Tuesday, Oct. 19. – Went with Mr. & Mrs. Heineken, and Mrs.       Smith, over to Widworthy to pay the Rector and his new wife a wedding visit. We went through Sidbury, up Honiton Hill to Hunters’ Lodge, and then turned eastward nearly as far as Roncombe Gate, and then north, but over a very devious road. A few hundred yards east from Hunters’ Lodge, on the north, or left side of the road, there is a large barrow, having a few old fir trees on it. The heath is studded with barrows all over. A little further (but on the right) is the lodge to Mr Hewetson’s ground and about opposite this, 2 or 3, or 3 or 4 hundred yards, towards the north, across the heath, I understand is the spot called “Ring in The Mire.” It is described as a hollow on the hill, and I suppose muddy. The tradition goes, that Isabella de Fortibus, Countess of Devon, to whom vast tracts in the county belonged, was made acquainted with a dispute between the four neighbouring parishes respecting their boundaries; and she, acting according to the plenary and summary forces, claimed of old by the potent. Lords and Ladies of the soil, settled the dispute in a very summary manner. Riding up to the top of the hill to the spot in question, she reined up her horse, and taking off her “ring” from her finger, threw it into the “mire,” saying to the deputies of the parishes who attended her, that that exact place should henceforth be the boundary – and so I believe it continues to the present day. Four parishes meet here all in a point; and I believe the parishes are those of Farway, Gittesham [sic], Honiton and Sidbury. I think the story is told in “Hone’s Every Day Book.” I have a curiosity to make an expedition to examine the exact locality some day.       Which I did.

At about half a mile from Hunters’ Lodge, eastward, on the north or left side, there is a circular plantation of firs. This place is a regular agger with a ditch outside it. The man at Hunters’ Lodge said it was known as “Farway Castle.” Doubtless it is an ancient entrenched work. On measurement, it proved to be 210 feet in diameter, and 204 feet by taking it in the other direction. It may however be called a circle. The agger is 16 feet wide; but its width, height, and the width of the ditch, are so irregular, that no precise measurements can be assigned. This place is on the crown of the hill, and most of the old camps in the neighbourhood can be discerned from it. The top of High Peak Hill, with its earth-works, can be seen rising over Peak Hill. A small portion of Sidbury Castle could be detected; and numberless hill fortresses all round could be descried – as those by Musbury, Membury, and away into Dorsetshire; on the north at Dumpdon, Hembury Fort; and westward over to Cadbury; and (though hazy,) Woodbury Castle seemed to be apparent in the dip between Core Hill, and Ottery East Hill. On leaving this locality we proceeded to Bishop Coplestone’s Tower at Offwell, of which Mr. Heineken took a photograph. At Widworthy he took two or three. Mr. Mathews, the recently appointed Rector, took me into the church. I was surprised at the number and beauty of the monuments. There is one by the elder Bacon. There is one of a rich farmer of the parish. The bust by Rouw, he had made during his lifetime, and kept it in his house. It now surmounts his monument. The ancient recumbent figure is a gem of antiquity. I then accompanied the Rector to the hill called Widworthy Castle. There is a sort of platform on the top of it; but no trace of stone work. This parish almost entirely belongs to Sir Edward Elton, of Widworthy Court, Bart. We dined at the Rectory, and got back to Sidmouth before nine. Tired as I was, I dressed and went to a ball at Mrs Radford’s, Sidmount. I did not get there till half past ten, and came away before eleven – glad to get home to bed.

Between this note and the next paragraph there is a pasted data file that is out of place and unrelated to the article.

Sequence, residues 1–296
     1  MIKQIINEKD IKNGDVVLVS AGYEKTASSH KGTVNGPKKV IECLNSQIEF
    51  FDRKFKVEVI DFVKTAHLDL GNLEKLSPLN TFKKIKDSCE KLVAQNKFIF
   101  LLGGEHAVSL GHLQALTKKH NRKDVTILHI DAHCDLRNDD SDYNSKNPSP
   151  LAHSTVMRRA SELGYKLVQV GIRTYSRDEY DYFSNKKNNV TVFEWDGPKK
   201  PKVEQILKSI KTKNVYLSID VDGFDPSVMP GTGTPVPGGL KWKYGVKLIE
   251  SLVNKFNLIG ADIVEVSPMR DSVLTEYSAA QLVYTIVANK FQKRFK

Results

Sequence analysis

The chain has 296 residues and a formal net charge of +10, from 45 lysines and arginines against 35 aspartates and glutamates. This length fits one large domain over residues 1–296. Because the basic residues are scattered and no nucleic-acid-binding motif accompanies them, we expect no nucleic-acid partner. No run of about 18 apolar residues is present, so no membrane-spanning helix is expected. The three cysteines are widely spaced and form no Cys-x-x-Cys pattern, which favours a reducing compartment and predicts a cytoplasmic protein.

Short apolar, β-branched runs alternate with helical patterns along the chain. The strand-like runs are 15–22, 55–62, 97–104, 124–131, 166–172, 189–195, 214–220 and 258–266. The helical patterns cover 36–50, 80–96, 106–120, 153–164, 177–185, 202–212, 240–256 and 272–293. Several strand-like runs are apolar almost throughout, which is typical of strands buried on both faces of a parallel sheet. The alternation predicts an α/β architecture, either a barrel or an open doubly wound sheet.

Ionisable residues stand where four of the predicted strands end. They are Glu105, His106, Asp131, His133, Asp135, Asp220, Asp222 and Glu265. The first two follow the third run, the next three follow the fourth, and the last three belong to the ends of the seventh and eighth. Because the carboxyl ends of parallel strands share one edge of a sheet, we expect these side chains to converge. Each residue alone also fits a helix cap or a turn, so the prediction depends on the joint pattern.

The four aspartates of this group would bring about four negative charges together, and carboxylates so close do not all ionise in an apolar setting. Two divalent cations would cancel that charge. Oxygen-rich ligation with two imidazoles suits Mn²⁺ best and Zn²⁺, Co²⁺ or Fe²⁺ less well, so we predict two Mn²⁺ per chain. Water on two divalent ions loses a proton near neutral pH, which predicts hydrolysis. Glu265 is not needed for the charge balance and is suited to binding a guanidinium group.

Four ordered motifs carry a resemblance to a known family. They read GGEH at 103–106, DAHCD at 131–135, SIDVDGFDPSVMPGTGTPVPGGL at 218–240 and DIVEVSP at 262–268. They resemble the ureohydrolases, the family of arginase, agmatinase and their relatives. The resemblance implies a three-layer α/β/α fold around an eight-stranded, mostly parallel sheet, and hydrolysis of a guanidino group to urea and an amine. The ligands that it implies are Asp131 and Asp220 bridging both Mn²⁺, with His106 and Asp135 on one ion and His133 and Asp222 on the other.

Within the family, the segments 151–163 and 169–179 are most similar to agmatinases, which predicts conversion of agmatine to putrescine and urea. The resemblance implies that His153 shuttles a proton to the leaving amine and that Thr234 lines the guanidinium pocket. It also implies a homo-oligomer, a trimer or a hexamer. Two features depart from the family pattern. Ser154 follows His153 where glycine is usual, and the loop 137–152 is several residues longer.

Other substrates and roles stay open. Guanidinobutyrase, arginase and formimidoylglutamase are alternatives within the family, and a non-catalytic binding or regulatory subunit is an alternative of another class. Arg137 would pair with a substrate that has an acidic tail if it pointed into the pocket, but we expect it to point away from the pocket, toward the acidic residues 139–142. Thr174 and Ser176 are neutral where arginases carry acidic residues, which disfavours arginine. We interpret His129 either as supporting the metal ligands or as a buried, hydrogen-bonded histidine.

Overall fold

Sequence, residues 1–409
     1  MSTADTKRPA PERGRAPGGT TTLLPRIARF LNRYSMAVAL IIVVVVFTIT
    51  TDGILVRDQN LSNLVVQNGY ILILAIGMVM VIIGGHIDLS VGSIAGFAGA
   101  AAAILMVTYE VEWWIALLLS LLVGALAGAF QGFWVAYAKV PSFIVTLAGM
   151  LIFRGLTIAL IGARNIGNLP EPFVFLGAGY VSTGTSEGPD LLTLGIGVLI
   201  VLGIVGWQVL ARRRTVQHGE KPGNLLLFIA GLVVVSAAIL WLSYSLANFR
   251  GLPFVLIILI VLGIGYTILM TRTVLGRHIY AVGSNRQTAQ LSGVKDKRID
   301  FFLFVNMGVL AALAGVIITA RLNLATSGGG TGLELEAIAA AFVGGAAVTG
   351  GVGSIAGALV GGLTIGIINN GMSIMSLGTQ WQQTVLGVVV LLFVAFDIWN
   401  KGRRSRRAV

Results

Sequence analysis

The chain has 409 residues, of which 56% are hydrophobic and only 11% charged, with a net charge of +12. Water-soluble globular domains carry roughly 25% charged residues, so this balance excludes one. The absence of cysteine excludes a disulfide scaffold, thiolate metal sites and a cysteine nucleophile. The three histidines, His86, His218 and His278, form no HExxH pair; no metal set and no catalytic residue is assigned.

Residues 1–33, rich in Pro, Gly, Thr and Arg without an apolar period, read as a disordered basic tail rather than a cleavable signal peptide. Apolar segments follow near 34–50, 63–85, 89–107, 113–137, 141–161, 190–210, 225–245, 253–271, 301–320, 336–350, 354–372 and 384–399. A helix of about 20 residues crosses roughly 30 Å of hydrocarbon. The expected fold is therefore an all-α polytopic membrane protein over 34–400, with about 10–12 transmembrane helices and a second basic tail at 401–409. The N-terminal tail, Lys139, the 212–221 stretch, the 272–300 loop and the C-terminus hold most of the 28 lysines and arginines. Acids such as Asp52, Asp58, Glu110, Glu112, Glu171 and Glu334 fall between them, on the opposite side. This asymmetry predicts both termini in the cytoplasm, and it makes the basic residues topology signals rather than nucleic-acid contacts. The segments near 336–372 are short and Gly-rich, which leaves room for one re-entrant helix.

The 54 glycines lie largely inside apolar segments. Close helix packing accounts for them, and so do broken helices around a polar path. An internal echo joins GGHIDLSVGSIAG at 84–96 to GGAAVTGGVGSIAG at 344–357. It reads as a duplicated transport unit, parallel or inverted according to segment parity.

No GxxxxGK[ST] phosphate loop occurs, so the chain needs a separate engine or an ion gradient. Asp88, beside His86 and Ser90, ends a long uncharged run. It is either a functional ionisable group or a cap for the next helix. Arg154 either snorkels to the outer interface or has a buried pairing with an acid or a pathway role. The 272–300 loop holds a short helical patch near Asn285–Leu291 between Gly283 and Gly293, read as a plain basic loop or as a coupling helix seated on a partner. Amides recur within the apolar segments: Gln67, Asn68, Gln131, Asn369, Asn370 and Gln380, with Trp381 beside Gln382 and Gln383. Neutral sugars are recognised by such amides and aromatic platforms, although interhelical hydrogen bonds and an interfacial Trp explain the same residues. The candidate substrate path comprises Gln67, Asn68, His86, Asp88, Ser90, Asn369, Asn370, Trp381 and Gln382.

Wednesday, Oct. 20. – Bingham and his wife left us this morning; and in a few days they sail for Adelaide, South Australia.

 

Sidmouth. Oct. 1852

 

Tu. Oct. 26. – At a musical party at Mrs Walker’s, Lime Park. Played the flute and the horn. There were sixty people there. How ill-judged it is, in those who form the audience, that they should so often crowd round the performers! People would hear the music much better if they would keep a few yards off. Instead of this, however, they thrust themselves up to the piano forte and other instruments, looking over the music, and watching every note that is produced. All this is an annoyance to those who play. It distracts their attention from what they are about, and thereby does much to make them commit errors, when they might otherwise go creditably through their parts. There is a want of delicacy and a want of reflection in those who do this. It was particularly the case to-night. Mr. Heineken, who played the violincello on one side of the piano, could scarcely work his bow; and I, on the other, had much difficulty in finding a place to stand, and even more in holding, in some pieces the flute, and in others the horn. All this was most disagreeable.

Wed. Oct. 27. – At Mrs. Walker’s again! Went this evening to talk over the party, and play a game of Loo with them alone.